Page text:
Flora & Ulysses
by George Wolf
Is “Holy Bagumba!” gonna happen?
Too early to tell, but Flora & Ulysses wants it to happen.
Ten year-old Flora (Matilda Lawler) likes to blurt the phrase out in excited surprise, and there have been plenty of surprises since Ulysses got super powers.
Ulysses (a CGI squirrel with noises courtesy of John Kassir) has skills, no doubt, and in between trashing donut shops and learning how to type, he just might teach a self-described young cynic that there is some magic in this world after all.
Director Lena Khan brings the latest animal adventure tale from novelist Kate DiCamillo (The Tale of Despereaux, Because of Winn-Dixie) to the screen with broad brushes, easily digestible messages and family-friendly hijinks.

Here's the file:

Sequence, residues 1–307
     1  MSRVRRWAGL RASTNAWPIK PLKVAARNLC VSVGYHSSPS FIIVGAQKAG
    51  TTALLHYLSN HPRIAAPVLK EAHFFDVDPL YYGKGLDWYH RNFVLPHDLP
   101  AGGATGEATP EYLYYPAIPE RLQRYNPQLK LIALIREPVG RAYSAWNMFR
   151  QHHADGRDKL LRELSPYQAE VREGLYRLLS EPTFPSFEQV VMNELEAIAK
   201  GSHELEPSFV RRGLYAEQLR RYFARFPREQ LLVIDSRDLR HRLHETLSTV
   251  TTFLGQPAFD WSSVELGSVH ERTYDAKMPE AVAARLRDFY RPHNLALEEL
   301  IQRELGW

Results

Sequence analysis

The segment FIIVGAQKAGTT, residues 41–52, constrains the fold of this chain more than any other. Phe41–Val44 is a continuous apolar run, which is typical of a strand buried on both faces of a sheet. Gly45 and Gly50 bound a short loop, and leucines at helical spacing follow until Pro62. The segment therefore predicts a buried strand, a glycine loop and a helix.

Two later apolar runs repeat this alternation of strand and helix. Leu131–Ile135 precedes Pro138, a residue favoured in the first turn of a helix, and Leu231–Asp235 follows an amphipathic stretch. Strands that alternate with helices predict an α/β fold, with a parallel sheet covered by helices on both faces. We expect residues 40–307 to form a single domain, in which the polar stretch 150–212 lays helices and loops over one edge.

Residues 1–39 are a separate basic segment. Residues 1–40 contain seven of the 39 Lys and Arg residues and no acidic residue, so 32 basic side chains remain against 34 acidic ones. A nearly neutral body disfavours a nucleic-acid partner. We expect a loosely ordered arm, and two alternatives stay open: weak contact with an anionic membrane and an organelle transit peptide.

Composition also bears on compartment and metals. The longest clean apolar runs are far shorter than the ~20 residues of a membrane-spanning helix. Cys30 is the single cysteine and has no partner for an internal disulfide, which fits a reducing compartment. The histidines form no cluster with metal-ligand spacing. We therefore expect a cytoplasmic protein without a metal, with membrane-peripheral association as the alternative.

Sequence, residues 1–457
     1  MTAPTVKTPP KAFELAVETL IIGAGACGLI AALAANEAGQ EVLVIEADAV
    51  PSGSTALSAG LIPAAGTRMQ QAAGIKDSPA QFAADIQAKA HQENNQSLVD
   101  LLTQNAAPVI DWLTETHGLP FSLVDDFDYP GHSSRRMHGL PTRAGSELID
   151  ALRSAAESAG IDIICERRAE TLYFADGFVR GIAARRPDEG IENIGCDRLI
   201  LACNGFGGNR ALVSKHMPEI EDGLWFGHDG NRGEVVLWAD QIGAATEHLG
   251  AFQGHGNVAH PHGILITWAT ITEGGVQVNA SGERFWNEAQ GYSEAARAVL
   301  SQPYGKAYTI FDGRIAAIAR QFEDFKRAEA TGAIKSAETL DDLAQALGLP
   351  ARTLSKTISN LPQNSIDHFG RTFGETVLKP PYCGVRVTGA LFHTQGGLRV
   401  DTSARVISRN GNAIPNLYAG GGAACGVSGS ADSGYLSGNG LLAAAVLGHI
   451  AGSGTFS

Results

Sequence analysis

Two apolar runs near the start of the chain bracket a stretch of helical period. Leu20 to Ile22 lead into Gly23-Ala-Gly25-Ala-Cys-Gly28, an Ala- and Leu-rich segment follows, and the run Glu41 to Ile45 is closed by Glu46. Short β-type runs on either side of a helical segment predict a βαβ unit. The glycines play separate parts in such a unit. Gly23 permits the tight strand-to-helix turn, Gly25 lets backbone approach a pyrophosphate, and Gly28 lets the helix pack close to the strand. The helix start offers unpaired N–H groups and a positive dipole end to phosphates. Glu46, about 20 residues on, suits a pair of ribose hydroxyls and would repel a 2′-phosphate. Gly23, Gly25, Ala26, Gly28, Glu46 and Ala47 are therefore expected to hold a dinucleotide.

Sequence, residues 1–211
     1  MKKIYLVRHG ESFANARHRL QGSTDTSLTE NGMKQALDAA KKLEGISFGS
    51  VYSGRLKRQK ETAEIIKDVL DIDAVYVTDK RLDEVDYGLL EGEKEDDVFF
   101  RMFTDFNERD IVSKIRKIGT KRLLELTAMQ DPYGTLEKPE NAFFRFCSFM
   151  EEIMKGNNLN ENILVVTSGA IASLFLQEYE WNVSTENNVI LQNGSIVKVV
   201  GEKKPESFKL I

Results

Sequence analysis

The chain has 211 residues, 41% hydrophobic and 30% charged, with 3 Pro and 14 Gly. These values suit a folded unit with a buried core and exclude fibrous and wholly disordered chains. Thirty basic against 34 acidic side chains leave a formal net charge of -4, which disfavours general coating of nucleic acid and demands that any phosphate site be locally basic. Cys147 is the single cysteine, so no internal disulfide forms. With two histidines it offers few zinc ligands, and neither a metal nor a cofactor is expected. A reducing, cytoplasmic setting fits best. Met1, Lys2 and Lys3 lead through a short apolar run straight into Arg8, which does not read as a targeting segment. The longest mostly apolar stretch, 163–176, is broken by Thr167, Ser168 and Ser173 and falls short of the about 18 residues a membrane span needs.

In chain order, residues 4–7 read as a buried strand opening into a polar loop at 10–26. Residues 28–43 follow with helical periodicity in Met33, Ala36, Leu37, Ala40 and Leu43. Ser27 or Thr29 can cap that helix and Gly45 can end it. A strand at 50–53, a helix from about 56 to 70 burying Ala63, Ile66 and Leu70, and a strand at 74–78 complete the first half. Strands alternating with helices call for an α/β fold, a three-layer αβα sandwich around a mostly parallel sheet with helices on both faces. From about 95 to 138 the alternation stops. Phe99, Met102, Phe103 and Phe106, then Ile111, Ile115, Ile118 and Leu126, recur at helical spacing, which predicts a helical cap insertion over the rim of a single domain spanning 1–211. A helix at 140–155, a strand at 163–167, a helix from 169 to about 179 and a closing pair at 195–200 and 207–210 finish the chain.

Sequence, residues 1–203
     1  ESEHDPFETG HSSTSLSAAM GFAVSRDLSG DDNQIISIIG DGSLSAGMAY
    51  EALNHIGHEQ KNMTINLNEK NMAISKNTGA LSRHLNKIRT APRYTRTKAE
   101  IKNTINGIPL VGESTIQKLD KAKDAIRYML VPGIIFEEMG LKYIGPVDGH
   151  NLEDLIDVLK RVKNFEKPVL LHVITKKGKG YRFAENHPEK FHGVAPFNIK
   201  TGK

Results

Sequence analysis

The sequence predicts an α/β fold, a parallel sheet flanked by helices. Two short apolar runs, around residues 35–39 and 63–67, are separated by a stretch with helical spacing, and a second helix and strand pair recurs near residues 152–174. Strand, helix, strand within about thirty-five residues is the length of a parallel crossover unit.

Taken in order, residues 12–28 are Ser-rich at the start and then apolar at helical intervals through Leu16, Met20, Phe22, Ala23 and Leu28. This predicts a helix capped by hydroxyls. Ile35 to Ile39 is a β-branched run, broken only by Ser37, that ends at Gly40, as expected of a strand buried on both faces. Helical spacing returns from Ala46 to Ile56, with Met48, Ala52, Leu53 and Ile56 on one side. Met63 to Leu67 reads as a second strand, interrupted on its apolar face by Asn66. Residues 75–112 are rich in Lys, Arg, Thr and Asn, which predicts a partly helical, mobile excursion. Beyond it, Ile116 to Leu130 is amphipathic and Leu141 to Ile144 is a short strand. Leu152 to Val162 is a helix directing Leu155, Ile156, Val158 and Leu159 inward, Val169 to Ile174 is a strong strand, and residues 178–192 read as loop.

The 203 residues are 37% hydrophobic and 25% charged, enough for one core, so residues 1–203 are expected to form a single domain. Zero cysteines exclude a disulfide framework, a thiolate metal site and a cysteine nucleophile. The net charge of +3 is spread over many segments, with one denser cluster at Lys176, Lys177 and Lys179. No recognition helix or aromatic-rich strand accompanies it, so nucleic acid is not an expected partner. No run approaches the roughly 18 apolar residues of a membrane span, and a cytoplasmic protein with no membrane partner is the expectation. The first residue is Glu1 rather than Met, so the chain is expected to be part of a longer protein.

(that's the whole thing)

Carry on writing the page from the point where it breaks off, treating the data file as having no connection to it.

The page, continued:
Khan does try to keep the parents interested through winking nods to E.T, Alien, and The Shining, along with a curious amount of music montages. The playlist ain’t bad (Bill Withers, Tom Jones) but it’s big enough to make you wonder how much was added just to get the film to feature length.
Young Lawler is a treat, with spunky charm to spare and a seemingly natural sense of comic timing (especially with a CGI co-star). But the adapted script from Brad Copeland (Spies in Disguise, Ferdinand) is all surface-level spoon feeding, where the family strife is sanitized, the danger little more than silly and the squirrel is a furry, slo-mo ninja.
In other words, perfectly fetch for the younger set transitioning from picture books to family films.